Studies demonstrate that a Framework for those teaching financial literacy topics is needed. Students of highly-qualified educators accomplish more positive outcomes than those taught by less-qualified instructors. The Dallas Public Schools’ Accountability System found that, the more effective the instructor, the greater the student gains. Studies conducted by researchers at the University of Tennessee demonstrate that teacher effectiveness has a cumulative, financially measurable effect on student achievement; those effects are long-lasting and sustainable. Researchers also found that teachers are the single most important variable contributing to student success, regardless of student age.
“Teachers are the single most important variable contributing to student success. The qualifications of financial educators directly influences both short-term student outcomes and long-term impact on their financial well-being,” states Vince Shorb, NFEC CEO.
Financial education is a unique subject that requires specialized expertise to teach effectively. Unlike other core subject matter typically taught in schools, the topic of money elicits emotional reactions in people. Each participant going through financial literacy curriculum brings his or her own experience, emotions, and relationship with money into the classroom. The Framework for Teaching Personal Finances outlines benchmarks for financial educators so they understand and respect these emotional reactions to succeed in improving the financial capabilities of the participants.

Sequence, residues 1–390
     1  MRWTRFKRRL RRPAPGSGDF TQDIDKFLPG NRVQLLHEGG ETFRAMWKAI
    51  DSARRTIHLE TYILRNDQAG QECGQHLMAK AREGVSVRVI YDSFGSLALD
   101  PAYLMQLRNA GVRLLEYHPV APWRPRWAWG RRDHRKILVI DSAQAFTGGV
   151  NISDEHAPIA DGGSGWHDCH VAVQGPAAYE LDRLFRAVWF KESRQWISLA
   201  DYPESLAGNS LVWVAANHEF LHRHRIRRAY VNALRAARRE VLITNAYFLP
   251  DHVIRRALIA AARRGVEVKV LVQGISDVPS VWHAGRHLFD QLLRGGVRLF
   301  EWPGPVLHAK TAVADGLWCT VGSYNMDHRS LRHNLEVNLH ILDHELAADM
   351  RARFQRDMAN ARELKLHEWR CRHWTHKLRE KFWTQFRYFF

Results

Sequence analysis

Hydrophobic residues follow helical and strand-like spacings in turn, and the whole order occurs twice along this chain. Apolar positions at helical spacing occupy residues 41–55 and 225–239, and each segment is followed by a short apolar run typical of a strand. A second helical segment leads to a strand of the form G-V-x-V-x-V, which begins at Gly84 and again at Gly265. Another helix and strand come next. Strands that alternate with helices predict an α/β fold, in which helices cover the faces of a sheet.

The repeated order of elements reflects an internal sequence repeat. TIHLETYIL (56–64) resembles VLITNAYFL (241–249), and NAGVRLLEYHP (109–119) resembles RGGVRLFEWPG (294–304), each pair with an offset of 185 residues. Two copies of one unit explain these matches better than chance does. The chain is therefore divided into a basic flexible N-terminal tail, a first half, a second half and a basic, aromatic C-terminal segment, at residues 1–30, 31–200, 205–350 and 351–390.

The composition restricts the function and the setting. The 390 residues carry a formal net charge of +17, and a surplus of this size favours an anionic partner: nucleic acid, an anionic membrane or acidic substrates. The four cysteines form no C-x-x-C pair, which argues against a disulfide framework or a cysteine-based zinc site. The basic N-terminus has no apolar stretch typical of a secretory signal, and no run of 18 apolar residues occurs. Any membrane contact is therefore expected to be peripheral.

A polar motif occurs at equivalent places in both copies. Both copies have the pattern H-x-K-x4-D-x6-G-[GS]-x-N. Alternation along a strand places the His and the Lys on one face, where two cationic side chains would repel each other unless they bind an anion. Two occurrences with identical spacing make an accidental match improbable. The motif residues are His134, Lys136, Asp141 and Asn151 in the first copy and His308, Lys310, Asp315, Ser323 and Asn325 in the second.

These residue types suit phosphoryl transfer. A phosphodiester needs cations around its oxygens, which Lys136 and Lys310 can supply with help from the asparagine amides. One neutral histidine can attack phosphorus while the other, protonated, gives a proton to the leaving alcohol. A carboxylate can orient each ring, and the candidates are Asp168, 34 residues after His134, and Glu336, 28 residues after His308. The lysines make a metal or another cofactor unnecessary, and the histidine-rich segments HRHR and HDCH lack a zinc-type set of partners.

The National Financial Educators Council developed the Framework for Teaching Personal Finances to illuminate best practices to share with others in the financial literacy industry. The NFEC is a research and resource provider with the end objective of helping individuals improve their financial capabilities.
For the original version on PRWeb visit: http://www.prweb.com/releases/Framework-for-Teaching/Personal-Finance/prweb12008477.htm
The Sea Dog Brew Pub in Woburn may have poured its last pint.
The business filed for Chapter 7 bankruptcy today, a step that usually involves liquidation, and customers were starting to complain on the restaurant’s Facebook page because they were showing up at the restaurant only to find the doors closed.